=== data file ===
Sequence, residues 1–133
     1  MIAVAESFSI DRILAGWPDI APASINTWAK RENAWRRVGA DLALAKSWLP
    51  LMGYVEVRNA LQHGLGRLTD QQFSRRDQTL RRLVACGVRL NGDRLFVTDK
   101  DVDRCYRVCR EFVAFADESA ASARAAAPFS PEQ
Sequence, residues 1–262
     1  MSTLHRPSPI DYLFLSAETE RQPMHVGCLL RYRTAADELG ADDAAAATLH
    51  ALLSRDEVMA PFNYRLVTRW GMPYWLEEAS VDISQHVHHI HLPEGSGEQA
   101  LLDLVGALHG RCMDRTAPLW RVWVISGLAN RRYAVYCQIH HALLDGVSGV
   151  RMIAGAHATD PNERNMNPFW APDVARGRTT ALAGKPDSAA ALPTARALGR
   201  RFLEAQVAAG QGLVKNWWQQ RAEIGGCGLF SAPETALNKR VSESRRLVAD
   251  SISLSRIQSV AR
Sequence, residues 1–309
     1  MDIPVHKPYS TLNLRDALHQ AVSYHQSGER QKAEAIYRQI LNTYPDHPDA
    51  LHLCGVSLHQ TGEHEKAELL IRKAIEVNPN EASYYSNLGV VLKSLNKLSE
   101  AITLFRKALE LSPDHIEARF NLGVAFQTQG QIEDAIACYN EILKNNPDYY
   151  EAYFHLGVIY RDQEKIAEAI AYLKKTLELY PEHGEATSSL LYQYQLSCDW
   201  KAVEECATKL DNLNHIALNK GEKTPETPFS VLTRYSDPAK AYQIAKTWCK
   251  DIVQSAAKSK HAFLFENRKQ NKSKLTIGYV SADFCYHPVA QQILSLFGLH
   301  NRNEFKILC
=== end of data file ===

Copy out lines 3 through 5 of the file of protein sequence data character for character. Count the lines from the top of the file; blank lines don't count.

    51  LMGYVEVRNA LQHGLGRLTD QQFSRRDQTL RRLVACGVRL NGDRLFVTDK
   101  DVDRCYRVCR EFVAFADESA ASARAAAPFS PEQ
Sequence, residues 1–262